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SBA Disaster Loans Provide Pathway to Recovery

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Next to insurance, a low-interest disaster loan from the U.S. Small Business Administration is the primary source of funds for New Jersey survivors to make property repairs and for replacing contents destroyed by the remnants of Hurricane Ida.

Physical and Economic Injury Disaster Loans are available to businesses, nonprofit organizations, homeowners and renters in Bergen, Essex, Gloucester, Hudson, Hunterdon, Mercer, Middlesex, Morris, Passaic, Somerset, Union and Warren in New Jersey. Economic Injury Disaster Loans only are available to small businesses and most nonprofit organizations in the following adjacent counties: Atlantic, Burlington, Camden, Cumberland, Monmouth, Salem, and Sussex in New Jersey; New Castle in Delaware; Bronx, New York, Orange, Rockland and Westchester in New York; and Bucks, Delaware, Monroe, Northampton and Philadelphia in Pennsylvania.

If SBA determines they are eligible for a loan, applicants don’t have to accept it, but they should complete the loan application as soon as possible to keep their recovery options open. Those homeowners and renters who submit an SBA application and are not approved for a loan may be considered for additional FEMA assistance such as personal property replacement, disaster-caused vehicle repair, or moving and storage fees.

Types of SBA Disaster Loans

  • Home​ Disaster Loans – Loans to homeowners or renters to repair or replace disaster-damaged real estate and personal property, including automobiles. SBA disaster loans also may be used to pay insurance deductibles, if needed.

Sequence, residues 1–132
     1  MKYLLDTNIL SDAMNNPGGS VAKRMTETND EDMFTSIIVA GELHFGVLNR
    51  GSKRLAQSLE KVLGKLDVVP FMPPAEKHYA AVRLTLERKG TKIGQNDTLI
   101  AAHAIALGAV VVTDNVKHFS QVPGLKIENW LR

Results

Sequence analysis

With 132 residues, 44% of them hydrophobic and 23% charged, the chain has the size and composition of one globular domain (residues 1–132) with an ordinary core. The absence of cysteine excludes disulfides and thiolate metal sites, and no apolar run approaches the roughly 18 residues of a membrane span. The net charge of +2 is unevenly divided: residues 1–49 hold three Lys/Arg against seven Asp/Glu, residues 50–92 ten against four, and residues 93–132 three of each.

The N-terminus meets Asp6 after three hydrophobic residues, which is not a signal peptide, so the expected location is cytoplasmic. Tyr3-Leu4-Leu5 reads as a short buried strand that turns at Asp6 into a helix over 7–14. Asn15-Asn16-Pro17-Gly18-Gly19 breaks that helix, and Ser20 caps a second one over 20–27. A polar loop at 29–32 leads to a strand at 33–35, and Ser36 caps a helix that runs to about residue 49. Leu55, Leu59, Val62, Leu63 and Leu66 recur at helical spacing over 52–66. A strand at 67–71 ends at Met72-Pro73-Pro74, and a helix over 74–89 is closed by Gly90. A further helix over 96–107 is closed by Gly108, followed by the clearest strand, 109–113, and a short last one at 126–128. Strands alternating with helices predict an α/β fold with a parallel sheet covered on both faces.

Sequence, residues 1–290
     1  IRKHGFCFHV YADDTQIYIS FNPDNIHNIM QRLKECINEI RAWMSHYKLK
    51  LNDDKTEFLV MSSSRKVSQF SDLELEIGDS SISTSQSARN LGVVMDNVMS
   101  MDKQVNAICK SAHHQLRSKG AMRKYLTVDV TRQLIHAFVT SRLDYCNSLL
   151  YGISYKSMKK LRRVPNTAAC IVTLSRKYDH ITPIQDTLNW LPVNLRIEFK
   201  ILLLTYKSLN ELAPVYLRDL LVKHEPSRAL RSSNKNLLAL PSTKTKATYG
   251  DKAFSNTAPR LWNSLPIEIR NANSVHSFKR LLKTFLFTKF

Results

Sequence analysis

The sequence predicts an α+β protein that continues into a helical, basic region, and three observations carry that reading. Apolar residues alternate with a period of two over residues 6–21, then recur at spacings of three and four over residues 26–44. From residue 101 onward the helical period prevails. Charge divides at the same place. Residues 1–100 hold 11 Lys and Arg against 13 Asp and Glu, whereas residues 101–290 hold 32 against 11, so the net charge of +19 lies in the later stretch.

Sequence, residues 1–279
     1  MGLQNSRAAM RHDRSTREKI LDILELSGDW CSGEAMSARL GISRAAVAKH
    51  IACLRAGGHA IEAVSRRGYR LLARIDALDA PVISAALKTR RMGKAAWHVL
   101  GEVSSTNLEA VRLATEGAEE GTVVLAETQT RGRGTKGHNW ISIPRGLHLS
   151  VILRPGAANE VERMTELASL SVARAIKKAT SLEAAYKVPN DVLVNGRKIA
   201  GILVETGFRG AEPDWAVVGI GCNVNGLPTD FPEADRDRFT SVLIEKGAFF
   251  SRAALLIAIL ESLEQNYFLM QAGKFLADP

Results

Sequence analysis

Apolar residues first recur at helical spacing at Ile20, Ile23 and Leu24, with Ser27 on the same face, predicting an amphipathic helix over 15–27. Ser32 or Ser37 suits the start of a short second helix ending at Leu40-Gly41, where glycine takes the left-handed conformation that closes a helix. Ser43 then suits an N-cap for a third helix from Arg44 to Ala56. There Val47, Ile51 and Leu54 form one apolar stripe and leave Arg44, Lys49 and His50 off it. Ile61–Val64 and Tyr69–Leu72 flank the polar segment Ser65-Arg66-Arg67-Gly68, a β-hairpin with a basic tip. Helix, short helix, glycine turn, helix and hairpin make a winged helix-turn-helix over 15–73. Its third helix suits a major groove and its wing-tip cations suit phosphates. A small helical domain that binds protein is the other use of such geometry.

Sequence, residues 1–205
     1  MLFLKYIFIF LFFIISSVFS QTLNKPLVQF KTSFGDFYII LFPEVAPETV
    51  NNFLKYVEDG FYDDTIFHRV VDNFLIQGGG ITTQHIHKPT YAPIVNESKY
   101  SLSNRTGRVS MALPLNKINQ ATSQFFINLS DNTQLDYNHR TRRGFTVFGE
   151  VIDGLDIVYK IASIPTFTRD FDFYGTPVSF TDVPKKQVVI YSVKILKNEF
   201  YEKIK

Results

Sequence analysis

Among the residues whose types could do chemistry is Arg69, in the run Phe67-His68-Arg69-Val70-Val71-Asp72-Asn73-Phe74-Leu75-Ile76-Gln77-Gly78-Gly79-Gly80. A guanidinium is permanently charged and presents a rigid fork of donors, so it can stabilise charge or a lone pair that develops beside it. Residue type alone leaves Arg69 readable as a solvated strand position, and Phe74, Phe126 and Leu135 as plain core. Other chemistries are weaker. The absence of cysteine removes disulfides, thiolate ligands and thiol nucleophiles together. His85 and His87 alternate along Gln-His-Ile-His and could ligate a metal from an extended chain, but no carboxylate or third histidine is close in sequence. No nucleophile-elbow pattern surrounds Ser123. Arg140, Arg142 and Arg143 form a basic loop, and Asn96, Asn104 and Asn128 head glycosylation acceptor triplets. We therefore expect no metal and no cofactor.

• Business Physical Disaster Loans – Loans to businesses to repair or replace disaster-damaged property owned by the business, including real estate, inventories, supplies, machinery and equipment. Businesses of any size are eligible. Private, non-profit organizations such as charities, churches, private universities, etc., also are eligible.
  • Economic Injury Disaster Loans (EIDL) – Working capital loans to help small businesses, small agricultural cooperatives, small businesses engaged in aquaculture, and most private, non-profit organizations of all sizes meet their ordinary and necessary financial obligations that cannot be met as a direct result of the disaster. These loans are intended to assist through the disaster recovery period.

Through SBA, homeowners may be eligible for a disaster loan up to $200,000 for primary residence structural repairs or rebuilding. SBA may also be able to help homeowners and renters with up to $40,000 to replace important personal property, including automobiles damaged or destroyed in the disaster.

SBA can also help businesses and private nonprofit organizations with up to $2 million to repair or replace disaster-damaged real estate and other business assets. Eligible small businesses and nonprofits can apply for economic injury disaster loans to help meet working capital needs caused by the disaster.

For more information, applicants may contact SBA’s Disaster Assistance Customer Service Center by calling 800- 659-2955, emailing disastercustomerservice@sba.gov, or visiting SBA’s website at sba.gov/disaster. Deaf and hard-of-hearing individuals may call 800-877-8339.

To apply for an SBA Low-Interest Disaster loan  complete an online application at disasterloan.sba.gov/ela. To reach an SBA Customer Service Representative directly call 800-659-2955. Email questions to FOCE-Help@sba.gov.  For more information, visit sba.gov.

The application filing deadline for physical damage loans is Nov. 4, 2021.

The application filing deadline for economic injury loans is June 6, 2022.

Haven’t Applied with FEMA? Apply One of Three Ways:

Those who have uninsured or underinsured losses can apply with FEMA in one of three ways: online atdisasterassistance.gov, via the FEMA app, or call 800-621-3362 (TTY: 800-462-7585). If you use a relay service, such as video relay service (VRS), captioned telephone service or others, give FEMA the number for that service. Multilingual operators are available.